From there, the report shows you all of the pages that have similar issues, like a long FID.
Again, it doesn’t matter which tool you use for the job. The important thing is to always be aware of potential FID issues on your site.
The “Performance” panel in DevTools can help with that. Go to the “Main Section” and look for grey tasks with a small red overlay. Those are Long Tasks that have to be broken up.
Additionally, you can group resources by URL and total time to make your job easier.
As you dive into specific tasks, you might find that some longer functions make up most of the delay. In other cases, functions might be run quickly but adding too many of them together in a single task results in a Long Task. Regardless of the reason, splitting Long Tasks helps improve all interactivity metrics.
Here are a few other things to consider when optimizing FID:
Delay or remove non-critical third-party scripts. Third party-scripts can sometimes prevent your own scripts from executing on time. Consider which scripts provide the most value to the user and prioritize them. In most cases, ad and pop-up scripts aren’t at the top of the list;
Use web workers. Web workers allow you to run scripts in the background without affecting the Main Thread. Moving non-UI operations to a background thread is generally a good practice;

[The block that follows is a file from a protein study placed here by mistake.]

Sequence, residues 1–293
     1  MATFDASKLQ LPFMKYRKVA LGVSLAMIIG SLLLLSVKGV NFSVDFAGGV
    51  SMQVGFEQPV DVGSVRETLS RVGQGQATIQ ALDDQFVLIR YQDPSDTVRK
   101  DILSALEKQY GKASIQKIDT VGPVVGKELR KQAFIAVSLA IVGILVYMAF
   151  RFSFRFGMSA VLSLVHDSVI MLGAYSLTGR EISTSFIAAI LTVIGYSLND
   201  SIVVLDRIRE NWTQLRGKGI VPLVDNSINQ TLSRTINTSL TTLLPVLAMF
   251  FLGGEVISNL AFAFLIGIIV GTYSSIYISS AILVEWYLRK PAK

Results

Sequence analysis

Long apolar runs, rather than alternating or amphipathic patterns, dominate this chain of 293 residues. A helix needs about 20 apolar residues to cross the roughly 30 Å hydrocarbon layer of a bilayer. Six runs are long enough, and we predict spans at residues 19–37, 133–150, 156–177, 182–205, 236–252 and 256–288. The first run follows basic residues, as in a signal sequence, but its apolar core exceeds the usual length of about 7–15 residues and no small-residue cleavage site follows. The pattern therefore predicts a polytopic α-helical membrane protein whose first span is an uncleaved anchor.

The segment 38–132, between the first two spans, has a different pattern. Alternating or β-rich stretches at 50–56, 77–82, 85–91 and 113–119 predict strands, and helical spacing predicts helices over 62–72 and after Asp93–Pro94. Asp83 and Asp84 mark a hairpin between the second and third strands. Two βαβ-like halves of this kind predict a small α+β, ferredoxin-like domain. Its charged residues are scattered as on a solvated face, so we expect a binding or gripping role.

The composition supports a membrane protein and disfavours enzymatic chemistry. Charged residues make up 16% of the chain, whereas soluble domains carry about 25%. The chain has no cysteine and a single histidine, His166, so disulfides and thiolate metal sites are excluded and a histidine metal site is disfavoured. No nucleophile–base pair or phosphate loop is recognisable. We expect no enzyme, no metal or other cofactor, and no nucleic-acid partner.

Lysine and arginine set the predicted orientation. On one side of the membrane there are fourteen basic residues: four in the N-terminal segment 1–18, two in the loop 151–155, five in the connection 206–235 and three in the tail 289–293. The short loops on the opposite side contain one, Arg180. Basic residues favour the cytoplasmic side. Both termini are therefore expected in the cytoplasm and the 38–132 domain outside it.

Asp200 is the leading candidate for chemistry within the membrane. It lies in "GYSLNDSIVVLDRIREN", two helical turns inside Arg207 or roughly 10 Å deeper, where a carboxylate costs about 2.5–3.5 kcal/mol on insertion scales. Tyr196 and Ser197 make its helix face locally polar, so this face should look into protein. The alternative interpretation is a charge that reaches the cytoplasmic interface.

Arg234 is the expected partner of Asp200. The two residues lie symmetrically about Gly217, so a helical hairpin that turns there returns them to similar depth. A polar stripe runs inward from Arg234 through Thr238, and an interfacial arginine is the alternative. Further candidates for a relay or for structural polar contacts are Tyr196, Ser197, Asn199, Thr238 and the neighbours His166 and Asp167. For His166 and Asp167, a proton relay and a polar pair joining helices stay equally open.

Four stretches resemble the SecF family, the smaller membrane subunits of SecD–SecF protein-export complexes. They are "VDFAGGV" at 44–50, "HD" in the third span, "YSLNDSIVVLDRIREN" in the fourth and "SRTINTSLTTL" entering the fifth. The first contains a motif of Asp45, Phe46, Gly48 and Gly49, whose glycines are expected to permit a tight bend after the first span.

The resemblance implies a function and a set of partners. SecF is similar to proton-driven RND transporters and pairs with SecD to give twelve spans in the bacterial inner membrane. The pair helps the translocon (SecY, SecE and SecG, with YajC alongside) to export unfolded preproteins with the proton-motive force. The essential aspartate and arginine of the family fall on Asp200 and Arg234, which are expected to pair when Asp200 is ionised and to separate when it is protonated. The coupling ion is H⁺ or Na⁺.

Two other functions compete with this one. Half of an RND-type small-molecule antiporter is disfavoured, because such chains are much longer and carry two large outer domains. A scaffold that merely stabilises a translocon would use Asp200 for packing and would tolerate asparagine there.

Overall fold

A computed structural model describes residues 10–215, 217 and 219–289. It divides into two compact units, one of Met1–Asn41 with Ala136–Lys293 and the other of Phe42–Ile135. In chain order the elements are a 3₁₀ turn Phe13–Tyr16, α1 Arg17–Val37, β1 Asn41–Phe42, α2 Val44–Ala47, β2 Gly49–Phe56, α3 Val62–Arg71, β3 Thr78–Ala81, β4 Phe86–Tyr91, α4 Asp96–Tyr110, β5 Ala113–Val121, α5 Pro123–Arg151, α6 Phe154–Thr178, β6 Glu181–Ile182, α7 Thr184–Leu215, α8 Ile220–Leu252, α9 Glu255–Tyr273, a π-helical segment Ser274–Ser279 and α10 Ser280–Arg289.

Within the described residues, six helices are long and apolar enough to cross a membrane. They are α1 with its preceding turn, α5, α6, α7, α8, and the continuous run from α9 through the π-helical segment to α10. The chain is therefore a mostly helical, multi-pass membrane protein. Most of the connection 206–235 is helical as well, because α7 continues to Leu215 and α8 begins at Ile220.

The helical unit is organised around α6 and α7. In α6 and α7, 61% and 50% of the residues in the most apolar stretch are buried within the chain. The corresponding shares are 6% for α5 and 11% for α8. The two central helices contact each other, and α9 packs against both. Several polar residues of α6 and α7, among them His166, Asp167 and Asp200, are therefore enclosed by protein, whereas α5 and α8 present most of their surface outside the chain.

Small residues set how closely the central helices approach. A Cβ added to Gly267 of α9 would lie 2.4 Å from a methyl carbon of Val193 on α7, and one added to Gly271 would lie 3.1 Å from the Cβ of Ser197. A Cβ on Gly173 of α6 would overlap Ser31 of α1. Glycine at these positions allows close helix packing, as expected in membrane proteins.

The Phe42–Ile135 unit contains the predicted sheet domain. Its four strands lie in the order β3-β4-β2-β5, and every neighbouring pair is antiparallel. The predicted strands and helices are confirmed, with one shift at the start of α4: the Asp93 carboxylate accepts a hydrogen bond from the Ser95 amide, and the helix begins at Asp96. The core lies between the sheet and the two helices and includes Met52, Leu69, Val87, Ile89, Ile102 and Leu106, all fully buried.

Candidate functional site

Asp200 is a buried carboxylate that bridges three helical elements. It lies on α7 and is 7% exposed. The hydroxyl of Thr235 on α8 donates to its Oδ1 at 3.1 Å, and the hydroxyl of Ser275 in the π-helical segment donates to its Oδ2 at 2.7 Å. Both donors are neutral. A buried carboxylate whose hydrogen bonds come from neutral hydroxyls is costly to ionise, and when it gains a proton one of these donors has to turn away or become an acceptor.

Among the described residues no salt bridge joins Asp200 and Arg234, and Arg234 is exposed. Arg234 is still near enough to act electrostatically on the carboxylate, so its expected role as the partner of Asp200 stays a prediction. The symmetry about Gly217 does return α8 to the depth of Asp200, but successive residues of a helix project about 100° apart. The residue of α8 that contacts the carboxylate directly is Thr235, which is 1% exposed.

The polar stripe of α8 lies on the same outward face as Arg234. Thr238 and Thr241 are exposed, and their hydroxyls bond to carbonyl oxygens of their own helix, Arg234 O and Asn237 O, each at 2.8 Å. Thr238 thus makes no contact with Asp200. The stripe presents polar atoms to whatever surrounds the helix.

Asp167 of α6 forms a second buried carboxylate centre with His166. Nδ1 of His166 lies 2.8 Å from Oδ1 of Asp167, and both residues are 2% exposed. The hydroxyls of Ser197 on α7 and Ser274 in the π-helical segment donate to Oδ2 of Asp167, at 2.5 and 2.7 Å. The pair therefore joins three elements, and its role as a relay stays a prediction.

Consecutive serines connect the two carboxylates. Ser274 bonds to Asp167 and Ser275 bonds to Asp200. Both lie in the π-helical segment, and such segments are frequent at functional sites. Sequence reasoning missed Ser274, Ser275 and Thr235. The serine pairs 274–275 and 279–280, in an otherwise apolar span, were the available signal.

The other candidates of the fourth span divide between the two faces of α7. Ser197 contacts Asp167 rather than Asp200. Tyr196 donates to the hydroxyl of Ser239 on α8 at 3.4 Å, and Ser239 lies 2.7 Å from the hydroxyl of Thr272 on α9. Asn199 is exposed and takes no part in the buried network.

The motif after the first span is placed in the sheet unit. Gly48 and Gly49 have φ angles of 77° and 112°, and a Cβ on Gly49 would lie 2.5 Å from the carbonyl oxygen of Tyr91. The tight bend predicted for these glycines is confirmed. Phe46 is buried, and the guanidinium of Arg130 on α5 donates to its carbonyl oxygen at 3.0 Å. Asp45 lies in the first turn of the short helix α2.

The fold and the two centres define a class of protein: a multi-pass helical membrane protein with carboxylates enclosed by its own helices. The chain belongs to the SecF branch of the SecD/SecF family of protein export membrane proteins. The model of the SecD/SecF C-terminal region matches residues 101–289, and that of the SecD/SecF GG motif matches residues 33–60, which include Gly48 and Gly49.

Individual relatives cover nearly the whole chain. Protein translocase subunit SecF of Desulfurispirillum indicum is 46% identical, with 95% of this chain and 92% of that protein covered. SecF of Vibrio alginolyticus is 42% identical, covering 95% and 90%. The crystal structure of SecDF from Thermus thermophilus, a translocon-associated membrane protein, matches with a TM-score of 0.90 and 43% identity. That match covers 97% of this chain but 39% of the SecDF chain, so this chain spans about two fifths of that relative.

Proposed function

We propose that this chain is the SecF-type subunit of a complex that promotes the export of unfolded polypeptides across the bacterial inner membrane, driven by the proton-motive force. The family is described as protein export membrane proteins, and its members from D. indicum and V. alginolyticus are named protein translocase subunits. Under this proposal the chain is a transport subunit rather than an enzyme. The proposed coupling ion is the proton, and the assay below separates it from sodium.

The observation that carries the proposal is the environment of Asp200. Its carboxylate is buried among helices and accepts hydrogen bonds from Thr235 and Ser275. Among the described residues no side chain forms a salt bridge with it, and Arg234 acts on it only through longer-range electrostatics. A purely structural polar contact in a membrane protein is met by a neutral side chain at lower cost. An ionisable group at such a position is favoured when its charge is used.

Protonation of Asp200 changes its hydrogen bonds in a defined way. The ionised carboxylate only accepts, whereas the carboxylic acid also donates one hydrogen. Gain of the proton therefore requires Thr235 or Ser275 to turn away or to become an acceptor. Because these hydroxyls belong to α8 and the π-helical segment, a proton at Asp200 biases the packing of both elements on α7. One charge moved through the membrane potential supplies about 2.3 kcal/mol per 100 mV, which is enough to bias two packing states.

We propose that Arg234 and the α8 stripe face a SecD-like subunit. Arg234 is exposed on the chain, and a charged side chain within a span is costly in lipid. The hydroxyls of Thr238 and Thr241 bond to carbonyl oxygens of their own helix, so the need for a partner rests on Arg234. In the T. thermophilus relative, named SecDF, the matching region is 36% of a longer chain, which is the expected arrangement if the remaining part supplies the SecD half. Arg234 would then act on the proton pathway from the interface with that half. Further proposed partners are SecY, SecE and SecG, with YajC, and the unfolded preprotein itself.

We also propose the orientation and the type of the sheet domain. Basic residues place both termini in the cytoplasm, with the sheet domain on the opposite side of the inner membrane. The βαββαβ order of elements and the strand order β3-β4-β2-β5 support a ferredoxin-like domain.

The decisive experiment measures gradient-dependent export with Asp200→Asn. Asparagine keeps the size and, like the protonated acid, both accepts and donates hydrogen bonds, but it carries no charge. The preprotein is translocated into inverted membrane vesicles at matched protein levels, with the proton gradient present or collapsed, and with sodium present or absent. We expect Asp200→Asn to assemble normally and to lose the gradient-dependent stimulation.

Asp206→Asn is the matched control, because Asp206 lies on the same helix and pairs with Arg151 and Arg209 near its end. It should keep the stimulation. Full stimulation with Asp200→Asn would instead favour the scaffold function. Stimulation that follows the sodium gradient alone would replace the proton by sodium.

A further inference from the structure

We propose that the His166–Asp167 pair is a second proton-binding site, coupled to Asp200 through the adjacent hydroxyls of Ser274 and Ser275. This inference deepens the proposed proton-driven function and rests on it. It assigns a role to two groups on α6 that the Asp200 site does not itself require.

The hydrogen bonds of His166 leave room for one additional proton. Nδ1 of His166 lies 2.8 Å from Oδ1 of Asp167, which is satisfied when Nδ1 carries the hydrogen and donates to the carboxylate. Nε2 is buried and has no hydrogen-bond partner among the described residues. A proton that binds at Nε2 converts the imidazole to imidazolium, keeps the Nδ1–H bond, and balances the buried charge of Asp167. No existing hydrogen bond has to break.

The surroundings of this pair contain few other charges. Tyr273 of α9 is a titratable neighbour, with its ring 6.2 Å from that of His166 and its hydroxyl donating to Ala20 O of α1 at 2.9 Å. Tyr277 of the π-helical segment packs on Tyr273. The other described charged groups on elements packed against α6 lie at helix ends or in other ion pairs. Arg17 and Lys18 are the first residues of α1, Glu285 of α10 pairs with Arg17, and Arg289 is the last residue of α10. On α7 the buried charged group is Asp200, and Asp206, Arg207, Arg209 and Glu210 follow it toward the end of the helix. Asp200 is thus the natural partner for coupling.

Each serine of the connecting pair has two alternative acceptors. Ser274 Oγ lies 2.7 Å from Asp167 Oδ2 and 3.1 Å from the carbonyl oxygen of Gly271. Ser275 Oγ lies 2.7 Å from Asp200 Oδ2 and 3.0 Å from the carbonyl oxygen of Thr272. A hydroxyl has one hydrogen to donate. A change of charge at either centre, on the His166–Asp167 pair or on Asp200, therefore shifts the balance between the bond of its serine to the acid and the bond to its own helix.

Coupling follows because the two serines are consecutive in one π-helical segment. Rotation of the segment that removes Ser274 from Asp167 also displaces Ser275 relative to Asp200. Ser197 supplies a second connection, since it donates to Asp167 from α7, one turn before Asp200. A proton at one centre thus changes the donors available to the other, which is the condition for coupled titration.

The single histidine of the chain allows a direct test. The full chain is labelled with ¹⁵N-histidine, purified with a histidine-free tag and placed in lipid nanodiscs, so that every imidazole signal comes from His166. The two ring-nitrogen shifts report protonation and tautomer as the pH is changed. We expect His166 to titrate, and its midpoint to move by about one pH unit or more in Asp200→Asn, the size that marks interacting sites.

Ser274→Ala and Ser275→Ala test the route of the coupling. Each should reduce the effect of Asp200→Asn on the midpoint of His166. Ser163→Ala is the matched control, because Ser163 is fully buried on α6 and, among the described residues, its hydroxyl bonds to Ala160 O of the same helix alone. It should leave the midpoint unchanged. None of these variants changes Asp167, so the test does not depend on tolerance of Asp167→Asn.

Idle until urgent. This approach lets code run during the idle periods or when the resource is requested. You can read this article by Philip Walton for more details on this methodology. Also, check out npm’s idle-until-urgent library;
You can try to implement these optimizations by hand. It’s hard and time-consuming, but it’s worth it. Especially if you have problems with your site’s interactivity metrics (FID, TBT and TTI).
On the other hand, you can also use a service to quickly solve the issue once and for all.
As I said, our service minifies and compresses code files. It also delays the loading of non-critical resources until user interaction is detected. This helps prioritize resources that matter to your website’s visitors.
We also have a Delayed Scripts feature that lets you specify which scripts you want to load with a delay.
Most importantly, a huge reason why NitroPack produces outstanding speed results is our proprietary resource loading mechanism.
We don’t use built-in browser techniques. Instead, we created our own resource loader, which rearranges the way resources are fed to the main thread.
But don’t take my word for it. Test NitroPack and see the results for yourself. Our free plan doesn’t expire or require a credit/debit card, so you can see the full power of NitroPack without risking anything.